Talks have divided between the Greek government and its creditors and financial markets are panicking about Greece’s fate.
Whether Greece leaves the eurozone or not, it is going to a world of pain
Chidley: The economic crisis in Greece will deepen, leading to more social unrest. But will the Greeks\’ pain become Europe\’s – and also the world\’s? Continue reading
But what exactly will that fate be? The country has never been this near to default since joining the eurozone, but more concerning, could be setting up to depart the euro completely. It might be the first member state to drop the currency if so.
Stocks and bonds are plummeting all over the world on the news. Most are envisioning a doomsday scenario where Greece defaults Wednesday morning and helps to create market panic, perhaps even triggering an economic crisis.
But a missed payment by Greece (the country must pay the International Monetary Fund US$1.7 billion by Tuesday night) isn’t necessarily the end of the world. Here’s a glance at five ways that the Greece scenario could engage in this week.
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Greece misses payment, but no default is declared
Much from the focus now has been on the payment Greece needs to make by Tuesday (June 30). The Greek government no longer has sufficient money and made it clear it cannot meet that obligation. Technically, when a country fails to pay on debt it owes, it has defaulted with that debt and is declared as such by credit reporting agencies and bondholders.
But the IMF isn\’t a bond investor and doesn\’t necessarily have to declare Greece in arrears. The organization could instead label Greece to be in “arrears,” so long as Greece is still in negotiation to raise the money. Within this scenario, Greece buys itself some time – but also joins a several bankrupt and unstable countries also in arrears towards the IMF, including Zimbabwe, Sudan and Somalia.
Greece fails to secure funding, a default is declared
Greek Prime Minister Alex Tsipras has asked his government to carry a referendum by Sunday to ensure that citizens can vote around the proposed bailout package.
A “no vote” would force Tsipras to carry on his hard bargaining, that could potentially lead to no deal along with a dreaded default. European officials have framed a “no vote” as a vote to leave the euro.
A Greek default would likely lead to a global risk asset sell off, but given all of the firewalls and preparation the eurozone has made for such a scenario, probably the most damage would be done to Greece itself. The 2001 default in Agrentina is a prime example. Tens of thousands of jobs were shed in the month?the nation defaulted, banks ran out of money and also the unemployed roamed the country’s cities scavenging for scraps.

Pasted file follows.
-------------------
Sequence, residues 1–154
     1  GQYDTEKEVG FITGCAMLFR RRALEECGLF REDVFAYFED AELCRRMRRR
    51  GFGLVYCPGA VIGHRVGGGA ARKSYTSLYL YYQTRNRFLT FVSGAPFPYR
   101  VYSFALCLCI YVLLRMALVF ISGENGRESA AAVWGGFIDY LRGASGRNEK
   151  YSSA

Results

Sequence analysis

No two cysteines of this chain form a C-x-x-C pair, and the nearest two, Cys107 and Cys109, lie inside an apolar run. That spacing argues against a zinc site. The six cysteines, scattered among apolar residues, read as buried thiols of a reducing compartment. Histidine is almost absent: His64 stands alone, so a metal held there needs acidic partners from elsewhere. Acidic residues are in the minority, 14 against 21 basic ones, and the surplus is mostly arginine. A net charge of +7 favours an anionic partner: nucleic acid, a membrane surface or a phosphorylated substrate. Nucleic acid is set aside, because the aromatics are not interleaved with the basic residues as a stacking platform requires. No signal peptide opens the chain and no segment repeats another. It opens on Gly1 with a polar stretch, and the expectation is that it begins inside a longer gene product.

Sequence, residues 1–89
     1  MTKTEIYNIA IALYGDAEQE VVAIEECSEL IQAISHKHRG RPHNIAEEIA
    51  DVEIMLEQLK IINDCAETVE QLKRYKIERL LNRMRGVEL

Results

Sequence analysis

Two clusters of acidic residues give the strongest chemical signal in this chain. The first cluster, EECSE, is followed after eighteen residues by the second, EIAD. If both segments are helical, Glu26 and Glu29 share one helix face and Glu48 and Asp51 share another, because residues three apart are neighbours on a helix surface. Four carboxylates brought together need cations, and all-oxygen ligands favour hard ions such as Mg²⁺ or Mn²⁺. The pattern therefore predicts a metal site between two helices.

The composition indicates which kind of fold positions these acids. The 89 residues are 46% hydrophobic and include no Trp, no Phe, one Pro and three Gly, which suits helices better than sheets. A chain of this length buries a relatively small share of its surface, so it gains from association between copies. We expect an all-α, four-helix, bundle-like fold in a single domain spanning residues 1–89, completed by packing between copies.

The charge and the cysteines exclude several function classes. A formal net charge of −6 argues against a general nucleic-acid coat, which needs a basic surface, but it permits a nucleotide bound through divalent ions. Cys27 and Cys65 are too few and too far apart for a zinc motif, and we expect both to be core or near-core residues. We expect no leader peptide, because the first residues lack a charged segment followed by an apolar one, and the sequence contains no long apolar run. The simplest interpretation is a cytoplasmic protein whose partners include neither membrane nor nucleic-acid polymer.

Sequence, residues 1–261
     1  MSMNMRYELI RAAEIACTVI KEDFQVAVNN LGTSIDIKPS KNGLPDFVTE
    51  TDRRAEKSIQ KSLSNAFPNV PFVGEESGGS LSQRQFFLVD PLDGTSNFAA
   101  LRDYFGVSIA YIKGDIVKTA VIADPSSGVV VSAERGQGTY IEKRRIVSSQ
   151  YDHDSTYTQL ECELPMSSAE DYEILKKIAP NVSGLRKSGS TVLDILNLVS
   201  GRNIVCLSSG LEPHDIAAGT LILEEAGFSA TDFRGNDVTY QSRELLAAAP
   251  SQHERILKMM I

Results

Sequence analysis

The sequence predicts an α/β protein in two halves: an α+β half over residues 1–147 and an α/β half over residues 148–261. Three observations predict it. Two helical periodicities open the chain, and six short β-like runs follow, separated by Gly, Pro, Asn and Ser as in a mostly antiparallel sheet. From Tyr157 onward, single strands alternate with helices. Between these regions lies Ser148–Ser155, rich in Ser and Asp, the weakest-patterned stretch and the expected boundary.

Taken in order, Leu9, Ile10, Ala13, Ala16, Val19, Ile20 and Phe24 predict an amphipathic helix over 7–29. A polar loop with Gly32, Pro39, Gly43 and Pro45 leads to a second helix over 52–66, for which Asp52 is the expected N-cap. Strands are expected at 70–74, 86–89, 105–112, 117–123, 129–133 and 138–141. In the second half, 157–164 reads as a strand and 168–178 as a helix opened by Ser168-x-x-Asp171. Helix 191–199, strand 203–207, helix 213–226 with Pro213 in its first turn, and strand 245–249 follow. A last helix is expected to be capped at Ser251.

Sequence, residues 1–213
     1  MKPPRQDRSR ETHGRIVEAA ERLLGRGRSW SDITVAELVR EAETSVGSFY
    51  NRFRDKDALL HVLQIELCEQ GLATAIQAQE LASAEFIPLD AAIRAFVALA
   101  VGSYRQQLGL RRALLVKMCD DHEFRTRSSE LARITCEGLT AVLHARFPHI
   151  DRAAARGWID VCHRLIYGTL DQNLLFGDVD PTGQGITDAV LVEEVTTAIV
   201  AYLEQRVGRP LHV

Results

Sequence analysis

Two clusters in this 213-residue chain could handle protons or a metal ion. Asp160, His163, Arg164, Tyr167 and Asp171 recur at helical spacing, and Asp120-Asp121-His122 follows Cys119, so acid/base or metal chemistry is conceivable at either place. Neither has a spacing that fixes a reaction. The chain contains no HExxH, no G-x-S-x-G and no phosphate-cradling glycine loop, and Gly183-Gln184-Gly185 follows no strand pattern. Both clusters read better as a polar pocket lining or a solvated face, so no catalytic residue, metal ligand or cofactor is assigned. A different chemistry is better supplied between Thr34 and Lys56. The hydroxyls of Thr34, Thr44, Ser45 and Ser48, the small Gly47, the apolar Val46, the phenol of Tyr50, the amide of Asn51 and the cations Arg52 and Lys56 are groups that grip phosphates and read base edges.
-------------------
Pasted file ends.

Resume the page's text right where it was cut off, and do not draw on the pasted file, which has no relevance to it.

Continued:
The Bank of Greece has stated that a default would essentially?regulate the nation to third world status.
Greece defaults, exits the eurozone and adopts a new currency
This would be the most complicated and messy outcome, using the greatest number of unknowns. No country leaves the euro because the currency was officially launched on January 1, 1999. Greece was one of the early adopters of the currency, formally being admitted to the eurozone in January 2000.
The biggest immediate effect a Grexit would have would be on the euro itself. A lot of confidence within the euro is built upon the idea that once a member country joins, it doesn\’t leave. An exit would raise questions about whether more exits or even a break up of the monetary bloc is possible down the road.
For Greece, dropping the euro and achieving to adopt a new currency, most likely a new form of the drachma (the name for its previous currency) would produce a lot of upheaval. The private sector finances much of its business with euro-denominated loans, many from non-Greek banks, even though many Greeks have money stored in bank accounts outside of the country.
Greece defaults, but doesn’t leave the eurozone
A Greek default is widely viewed as leading to an exit from the eurozone so the country can adopt a brand new currency, significantly devalued from the euro, and use it to become a competitive economy again. This was done when Argentina defaulted in 2001 and unpegged the peso in the U.S. dollar.
But Greece doesn’t need to exit the eurozone even just in a default. The?legal basis for a eurozone exit isn\’t entirely clear. Even though hardliners on both sides might want Greece to leave the eurozone to teach the other side a lesson, it might benefit both sides for the country to stay in the eurozone.
For the monetary union itself, letting Greece default but letting it keep the euro would avoid setting an unsafe precedent.?For Greece, this type of scenario would allow the country to forgo the expense of revamping its entire monetary system to adopt a new currency.
A last second deal saves Greece
The final scenario is a Greece is very familiar with. While a default is dominating the headlines, Greece continues to be at the brink before, just for its politicians to agree to a last-minute back room deal about accepting a bailout.
And maybe that’s what happens this time. In the end the drama. It seems to be a Greek thing.